Being in shape doesn't necessarily mean you're better at being in love. If the new romantic comedy Results speaks any truth, having rock hard abs actually ensures a life of commitment issues and unfulfilled desires. This is fantasy, folks, but a charming and effervescent one unimpressed by the popular notion extreme fitness equals extreme happiness. Emotional contentment stems from the long and winding pursuit of self-truth, the laying bare of one's ego.
Directed by indie darling Andrew Bujalski, whose previous film Computer Chess was a striking departure from his early Mumblecore leanings, Results once again finds the young American entering new (albeit more conventional) territory. Guy Pearce stars as Trevor, the seemingly confident owner of a small upstart gym who's looking to expand. One of his trainers, Kat (Cobie Smulders), has just taken on a new client named Danny (Kevin Corrigan), who's recently divorced and newly wealthy after unexpectedly inheriting his mother's fortune.
Flirtations lead to bad decisions, and then to entanglements. Unlike most of its ilk, Results doesn't adhere to easy solutions, instead letting the characters stew in their own messy situations. This fits with the general uneasiness felt by Trevor and Kat as they navigate an attraction neither can communicate, and Danny's deep fear of loneliness masking as self-loathing. We feel for these people even as they don't entirely know how to feel for each other.
Bujalski has previously shown a flair for aggravating dialogue and interactions while indulging in millennial misadventures. Now, spoken by charmers like Pearce, Smulders and Corrigan, his snappy words gather momentum and humanity. The edginess might be gone, but it's replaced by a sincerity severely lacking in his previous efforts.
This holds especially true for Corrigan, long one of America's finest character actors, finally with room to brood and wax eloquently in his perfectly gruff way. He represents the film's awkward beating heart, personifying the stricken indecisiveness of a man suffering silently from a broken spirit. "I want to take a punch," Danny tells Trevor upon their first meeting at the gym. An entire life's worth of anxiety and frustration gets expressed in one line, Corrigan delivering it like a manifesto without a shade of irony.
Corrigan's controlled discomfort plays nicely against Pearce's sweet insecurity and Smulders' snarky stubbornness. They're the most unlikely of rom-com trios, each exhibiting a sense of devotion to the other without coming across as particularly obsessive or catty. This balance can be attributed to Bujalski's admiration for both the character and performer. He was born to work with stars, and hopefully he continues to do so.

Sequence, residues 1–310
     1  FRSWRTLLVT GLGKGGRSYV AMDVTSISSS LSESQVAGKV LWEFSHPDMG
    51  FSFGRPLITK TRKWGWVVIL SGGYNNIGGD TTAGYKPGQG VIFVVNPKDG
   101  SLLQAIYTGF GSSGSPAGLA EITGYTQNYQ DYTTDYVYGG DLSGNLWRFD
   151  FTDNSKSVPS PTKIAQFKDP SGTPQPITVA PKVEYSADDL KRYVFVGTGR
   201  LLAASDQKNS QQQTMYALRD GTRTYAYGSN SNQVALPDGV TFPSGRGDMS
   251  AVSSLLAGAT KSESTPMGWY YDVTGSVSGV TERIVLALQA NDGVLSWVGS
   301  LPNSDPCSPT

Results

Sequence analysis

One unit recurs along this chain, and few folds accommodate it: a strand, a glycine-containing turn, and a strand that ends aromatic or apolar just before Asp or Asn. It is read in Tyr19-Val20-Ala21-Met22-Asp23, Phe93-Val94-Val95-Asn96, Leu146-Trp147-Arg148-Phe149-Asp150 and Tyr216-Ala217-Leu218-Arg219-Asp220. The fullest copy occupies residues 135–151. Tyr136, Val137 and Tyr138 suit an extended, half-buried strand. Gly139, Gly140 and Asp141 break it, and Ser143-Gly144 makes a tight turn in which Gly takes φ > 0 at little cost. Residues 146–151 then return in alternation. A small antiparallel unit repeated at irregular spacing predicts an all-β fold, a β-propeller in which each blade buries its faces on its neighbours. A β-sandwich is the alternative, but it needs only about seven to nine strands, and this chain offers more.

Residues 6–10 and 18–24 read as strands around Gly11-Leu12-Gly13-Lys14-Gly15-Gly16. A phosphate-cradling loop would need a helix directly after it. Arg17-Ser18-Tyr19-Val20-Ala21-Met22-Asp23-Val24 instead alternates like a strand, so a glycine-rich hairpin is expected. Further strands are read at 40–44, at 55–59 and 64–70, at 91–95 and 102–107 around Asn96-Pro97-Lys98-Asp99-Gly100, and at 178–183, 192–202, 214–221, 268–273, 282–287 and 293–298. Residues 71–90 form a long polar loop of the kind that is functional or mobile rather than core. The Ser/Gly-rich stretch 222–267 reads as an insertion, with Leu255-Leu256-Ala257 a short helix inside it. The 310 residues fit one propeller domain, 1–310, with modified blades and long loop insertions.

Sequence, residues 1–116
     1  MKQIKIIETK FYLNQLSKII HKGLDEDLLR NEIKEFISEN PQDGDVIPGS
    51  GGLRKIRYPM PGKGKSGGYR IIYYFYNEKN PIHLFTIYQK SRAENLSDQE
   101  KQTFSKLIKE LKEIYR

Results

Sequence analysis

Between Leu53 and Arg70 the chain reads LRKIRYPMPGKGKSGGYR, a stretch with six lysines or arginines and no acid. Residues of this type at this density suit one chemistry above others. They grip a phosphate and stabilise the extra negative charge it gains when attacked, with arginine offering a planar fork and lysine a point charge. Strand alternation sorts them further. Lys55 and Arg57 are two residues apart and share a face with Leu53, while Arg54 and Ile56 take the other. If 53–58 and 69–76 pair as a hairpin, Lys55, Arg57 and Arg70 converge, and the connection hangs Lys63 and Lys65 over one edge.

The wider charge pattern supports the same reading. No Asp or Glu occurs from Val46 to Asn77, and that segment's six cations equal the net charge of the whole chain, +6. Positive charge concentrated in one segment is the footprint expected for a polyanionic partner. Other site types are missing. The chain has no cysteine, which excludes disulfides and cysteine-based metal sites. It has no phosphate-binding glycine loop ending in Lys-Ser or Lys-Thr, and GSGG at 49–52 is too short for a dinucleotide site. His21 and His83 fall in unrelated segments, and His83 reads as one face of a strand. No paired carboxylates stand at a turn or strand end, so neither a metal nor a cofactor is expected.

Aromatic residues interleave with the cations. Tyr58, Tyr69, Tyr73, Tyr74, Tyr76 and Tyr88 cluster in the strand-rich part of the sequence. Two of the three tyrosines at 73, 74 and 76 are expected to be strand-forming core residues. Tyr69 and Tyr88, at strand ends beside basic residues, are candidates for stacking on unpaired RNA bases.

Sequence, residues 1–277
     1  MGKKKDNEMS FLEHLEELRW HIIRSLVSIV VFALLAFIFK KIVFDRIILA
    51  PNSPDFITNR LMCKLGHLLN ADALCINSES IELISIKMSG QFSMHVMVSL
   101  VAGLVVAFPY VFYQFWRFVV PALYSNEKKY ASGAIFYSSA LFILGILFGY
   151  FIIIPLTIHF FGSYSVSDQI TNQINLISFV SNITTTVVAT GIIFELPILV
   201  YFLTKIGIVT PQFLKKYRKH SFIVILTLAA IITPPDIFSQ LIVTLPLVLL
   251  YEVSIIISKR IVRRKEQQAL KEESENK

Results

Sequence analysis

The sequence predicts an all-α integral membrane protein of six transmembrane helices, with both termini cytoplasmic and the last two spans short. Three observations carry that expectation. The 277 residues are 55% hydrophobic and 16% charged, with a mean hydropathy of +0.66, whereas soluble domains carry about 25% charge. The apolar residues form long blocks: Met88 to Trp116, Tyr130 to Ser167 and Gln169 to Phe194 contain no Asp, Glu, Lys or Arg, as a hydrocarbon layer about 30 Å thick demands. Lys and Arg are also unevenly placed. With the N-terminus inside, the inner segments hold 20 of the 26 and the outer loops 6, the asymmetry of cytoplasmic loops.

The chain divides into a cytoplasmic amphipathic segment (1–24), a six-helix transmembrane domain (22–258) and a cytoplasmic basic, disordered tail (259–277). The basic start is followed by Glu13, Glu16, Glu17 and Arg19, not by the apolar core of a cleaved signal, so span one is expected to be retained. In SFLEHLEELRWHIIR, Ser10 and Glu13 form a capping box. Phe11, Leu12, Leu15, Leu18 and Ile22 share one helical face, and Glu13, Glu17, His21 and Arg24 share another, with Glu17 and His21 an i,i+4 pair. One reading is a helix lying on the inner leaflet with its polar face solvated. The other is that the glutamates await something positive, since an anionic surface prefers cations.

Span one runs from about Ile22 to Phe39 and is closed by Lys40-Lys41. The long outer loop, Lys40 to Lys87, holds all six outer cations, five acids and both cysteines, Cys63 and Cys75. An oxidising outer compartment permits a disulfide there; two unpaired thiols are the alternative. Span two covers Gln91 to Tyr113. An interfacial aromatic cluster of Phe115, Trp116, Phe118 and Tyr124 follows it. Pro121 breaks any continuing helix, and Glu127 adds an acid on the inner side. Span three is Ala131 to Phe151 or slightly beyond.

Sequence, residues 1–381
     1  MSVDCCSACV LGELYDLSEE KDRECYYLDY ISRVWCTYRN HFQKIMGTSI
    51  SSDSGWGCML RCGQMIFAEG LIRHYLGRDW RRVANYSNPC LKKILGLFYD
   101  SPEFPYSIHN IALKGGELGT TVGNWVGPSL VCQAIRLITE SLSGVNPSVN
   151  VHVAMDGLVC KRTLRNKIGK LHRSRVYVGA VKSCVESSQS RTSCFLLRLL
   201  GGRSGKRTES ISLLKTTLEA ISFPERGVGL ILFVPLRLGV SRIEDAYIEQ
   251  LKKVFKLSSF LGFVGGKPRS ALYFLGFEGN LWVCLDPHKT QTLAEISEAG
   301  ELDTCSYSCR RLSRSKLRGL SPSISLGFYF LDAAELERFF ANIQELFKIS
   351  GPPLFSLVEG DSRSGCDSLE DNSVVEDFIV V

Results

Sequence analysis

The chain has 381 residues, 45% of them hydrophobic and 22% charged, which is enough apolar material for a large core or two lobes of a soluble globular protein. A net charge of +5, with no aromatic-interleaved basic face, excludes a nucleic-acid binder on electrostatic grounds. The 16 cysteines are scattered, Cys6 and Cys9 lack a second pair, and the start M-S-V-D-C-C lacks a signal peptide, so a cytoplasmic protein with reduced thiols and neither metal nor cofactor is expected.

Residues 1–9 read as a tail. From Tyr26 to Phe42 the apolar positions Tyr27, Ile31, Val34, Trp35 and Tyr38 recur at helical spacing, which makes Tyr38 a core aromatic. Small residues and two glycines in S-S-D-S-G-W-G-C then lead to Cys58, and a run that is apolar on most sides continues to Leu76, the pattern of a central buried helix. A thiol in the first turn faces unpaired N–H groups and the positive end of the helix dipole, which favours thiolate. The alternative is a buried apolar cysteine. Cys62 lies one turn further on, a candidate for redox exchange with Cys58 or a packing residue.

While Results cherishes the endurance of those romantics in our midst, it's also very honest about the toll such pragmatism takes on the body and soul. Danny's beaten down posture appears exaggerated for most of the film, but then you experience one dinner with his ex-wife and it all makes sense. Buljaski doesn't judge either party, instead reminding that two people can rationalize a fabricated reality for only so long. Eventually, the dam breaks.
So how does one get serious with the love of their life? Results, which opens Friday, June 12, doesn't suggest that it will happen overnight, in Hollywood's LaLa land or in reality. When Kat tells Trevor, "we are so screwed," she's not admitting defeat but hilariously giving herself over to the exciting process of loving him, in all its messy and frustrating glory. That means being self-reflective, possibly uncomfortably so.
Danny eventually gets to take a punch, but by that time he's already been bruised by disappointment. No matter. Results only sees a hopeful future for someone this willing to continuously pursue an idea of romance that doesn't necessarily make sense, but feels completely right.
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